Nov. 24, 2014 11:00 AM EST Reads: 1,649
Cloud Expo 2014 TV commercials will feature @ThingsExpo, which was launched in June, 2014 at New York City's Javits Center as the largest 'Internet of Things' event in the world.
Nov. 24, 2014 09:00 AM EST Reads: 1,665
SYS-CON Events announced today that Windstream, a leading provider of advanced network and cloud communications, has been named “Silver Sponsor” of SYS-CON's 16th International Cloud Expo®, which will take place on June 9–11, 2015, at the Javits Center in New York, NY. Windstream (Nasdaq: WIN), a FORTUNE 500 and S&P 500 company, is a leading provider of advanced network communications, including cloud computing and managed services, to businesses nationwide. The company also offers broadband, phone and digital TV services to consumers primarily in rural areas.
Nov. 23, 2014 07:30 PM EST Reads: 1,834
"There is a natural synchronization between the business models, the IoT is there to support ,” explained Brendan O'Brien, Co-founder and Chief Architect of Aria Systems, in this SYS-CON.tv interview at the 15th International Cloud Expo®, held Nov 4–6, 2014, at the Santa Clara Convention Center in Santa Clara, CA.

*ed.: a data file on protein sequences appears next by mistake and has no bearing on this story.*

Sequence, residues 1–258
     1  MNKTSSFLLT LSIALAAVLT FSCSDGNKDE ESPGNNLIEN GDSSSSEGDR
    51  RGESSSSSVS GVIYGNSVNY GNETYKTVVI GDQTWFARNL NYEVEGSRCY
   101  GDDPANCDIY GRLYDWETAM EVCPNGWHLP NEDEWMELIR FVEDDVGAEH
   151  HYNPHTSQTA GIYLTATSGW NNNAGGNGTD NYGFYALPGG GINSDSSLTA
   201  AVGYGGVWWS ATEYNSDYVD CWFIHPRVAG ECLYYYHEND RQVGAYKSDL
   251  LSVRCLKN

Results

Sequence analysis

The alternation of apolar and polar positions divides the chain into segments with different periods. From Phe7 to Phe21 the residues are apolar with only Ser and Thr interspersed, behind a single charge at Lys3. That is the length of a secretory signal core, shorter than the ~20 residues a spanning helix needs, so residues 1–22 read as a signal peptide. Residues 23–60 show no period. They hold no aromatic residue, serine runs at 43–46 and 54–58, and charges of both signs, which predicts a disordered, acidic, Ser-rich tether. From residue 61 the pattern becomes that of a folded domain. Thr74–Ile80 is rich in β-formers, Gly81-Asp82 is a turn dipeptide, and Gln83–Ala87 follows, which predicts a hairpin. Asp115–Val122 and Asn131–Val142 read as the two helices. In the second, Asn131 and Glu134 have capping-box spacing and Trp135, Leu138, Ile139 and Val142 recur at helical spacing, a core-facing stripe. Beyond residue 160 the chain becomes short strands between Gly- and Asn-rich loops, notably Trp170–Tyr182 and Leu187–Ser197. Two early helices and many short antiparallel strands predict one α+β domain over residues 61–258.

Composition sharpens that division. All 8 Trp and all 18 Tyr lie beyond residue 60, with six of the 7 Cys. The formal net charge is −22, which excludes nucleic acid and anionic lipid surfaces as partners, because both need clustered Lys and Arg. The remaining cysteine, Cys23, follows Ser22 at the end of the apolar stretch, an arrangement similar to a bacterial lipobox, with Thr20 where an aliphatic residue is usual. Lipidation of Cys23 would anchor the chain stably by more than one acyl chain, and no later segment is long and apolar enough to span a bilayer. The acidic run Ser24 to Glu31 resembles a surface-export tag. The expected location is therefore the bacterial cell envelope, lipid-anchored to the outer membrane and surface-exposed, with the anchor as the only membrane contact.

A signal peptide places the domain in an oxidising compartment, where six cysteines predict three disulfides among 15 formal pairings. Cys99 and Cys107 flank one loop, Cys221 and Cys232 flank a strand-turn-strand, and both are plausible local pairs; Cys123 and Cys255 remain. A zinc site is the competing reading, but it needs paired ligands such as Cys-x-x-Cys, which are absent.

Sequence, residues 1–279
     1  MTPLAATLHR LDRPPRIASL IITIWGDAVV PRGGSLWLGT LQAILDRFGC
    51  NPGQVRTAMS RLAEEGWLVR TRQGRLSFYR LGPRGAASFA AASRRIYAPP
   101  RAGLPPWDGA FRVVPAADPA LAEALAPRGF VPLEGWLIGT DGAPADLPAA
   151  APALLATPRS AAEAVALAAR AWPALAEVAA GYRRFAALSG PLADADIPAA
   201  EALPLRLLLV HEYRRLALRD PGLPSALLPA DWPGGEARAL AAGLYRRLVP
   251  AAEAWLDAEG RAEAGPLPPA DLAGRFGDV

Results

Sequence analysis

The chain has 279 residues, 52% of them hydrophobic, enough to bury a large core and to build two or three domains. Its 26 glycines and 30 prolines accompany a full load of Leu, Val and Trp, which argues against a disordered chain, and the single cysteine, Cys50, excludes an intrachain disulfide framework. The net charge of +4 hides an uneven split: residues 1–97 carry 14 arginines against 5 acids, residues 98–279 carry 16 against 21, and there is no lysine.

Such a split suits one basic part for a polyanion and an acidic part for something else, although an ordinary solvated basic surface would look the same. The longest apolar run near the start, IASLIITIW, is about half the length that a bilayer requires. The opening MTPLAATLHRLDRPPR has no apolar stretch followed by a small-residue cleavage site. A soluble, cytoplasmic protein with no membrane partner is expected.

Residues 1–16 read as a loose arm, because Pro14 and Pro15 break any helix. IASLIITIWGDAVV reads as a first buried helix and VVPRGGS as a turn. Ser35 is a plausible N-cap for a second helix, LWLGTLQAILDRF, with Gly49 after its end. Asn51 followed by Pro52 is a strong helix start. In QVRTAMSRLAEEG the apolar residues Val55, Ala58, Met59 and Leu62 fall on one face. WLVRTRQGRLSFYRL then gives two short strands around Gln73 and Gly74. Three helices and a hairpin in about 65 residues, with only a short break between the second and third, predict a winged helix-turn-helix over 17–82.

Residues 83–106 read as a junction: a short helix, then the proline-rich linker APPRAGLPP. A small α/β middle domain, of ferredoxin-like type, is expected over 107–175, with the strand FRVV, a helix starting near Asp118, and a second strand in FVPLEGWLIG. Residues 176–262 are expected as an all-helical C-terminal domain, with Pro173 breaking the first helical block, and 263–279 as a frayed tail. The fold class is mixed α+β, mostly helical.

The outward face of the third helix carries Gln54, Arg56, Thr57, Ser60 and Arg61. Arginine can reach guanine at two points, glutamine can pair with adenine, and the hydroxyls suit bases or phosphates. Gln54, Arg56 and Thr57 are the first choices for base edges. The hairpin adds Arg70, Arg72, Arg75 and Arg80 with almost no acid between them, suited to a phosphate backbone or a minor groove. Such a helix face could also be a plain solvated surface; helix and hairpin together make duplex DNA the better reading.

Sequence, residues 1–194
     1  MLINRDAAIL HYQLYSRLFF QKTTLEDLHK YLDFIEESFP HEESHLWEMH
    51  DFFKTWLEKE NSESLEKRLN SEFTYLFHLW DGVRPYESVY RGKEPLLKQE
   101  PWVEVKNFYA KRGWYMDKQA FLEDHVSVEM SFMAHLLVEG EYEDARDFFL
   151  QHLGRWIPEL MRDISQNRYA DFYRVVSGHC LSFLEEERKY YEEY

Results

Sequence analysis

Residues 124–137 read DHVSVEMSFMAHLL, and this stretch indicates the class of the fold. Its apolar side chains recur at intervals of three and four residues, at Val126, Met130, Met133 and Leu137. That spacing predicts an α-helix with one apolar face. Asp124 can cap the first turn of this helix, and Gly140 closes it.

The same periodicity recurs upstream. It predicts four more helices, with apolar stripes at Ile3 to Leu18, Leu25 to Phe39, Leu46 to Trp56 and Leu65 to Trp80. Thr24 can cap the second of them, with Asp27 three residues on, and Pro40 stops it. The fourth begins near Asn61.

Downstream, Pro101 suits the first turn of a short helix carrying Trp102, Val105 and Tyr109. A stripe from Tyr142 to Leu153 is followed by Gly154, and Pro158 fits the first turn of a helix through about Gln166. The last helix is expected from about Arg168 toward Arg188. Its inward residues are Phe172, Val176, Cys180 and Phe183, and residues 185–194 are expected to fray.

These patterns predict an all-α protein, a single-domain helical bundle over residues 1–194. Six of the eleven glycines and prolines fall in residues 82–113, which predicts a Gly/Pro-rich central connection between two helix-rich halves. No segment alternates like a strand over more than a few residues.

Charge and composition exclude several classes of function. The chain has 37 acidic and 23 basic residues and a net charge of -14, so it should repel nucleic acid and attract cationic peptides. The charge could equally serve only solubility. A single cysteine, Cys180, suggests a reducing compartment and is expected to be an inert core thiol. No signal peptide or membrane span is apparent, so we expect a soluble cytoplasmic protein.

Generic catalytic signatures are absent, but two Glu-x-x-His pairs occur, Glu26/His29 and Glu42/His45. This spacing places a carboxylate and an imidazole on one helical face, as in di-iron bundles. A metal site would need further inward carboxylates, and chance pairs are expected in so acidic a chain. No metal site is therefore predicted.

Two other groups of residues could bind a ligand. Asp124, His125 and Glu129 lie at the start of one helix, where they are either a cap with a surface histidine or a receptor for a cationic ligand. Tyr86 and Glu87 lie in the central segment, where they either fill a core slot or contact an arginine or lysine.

Nov. 23, 2014 12:00 PM EST Reads: 1,786
The major cloud platforms defy a simple, side-by-side analysis. Each of the major IaaS public-cloud platforms offers their own unique strengths and functionality. Options for on-site private cloud are diverse as well, and must be designed and deployed while taking existing legacy architecture and infrastructure into account. Then the reality is that most enterprises are embarking on a hybrid cloud strategy and programs. In this Power Panel at 15th Cloud Expo (http://www.CloudComputingExpo.com), moderated by Ashar Baig, Research Director, Cloud, at Gigaom Research, Nate Gordon, Director of T...
Nov. 23, 2014 07:45 AM EST Reads: 1,812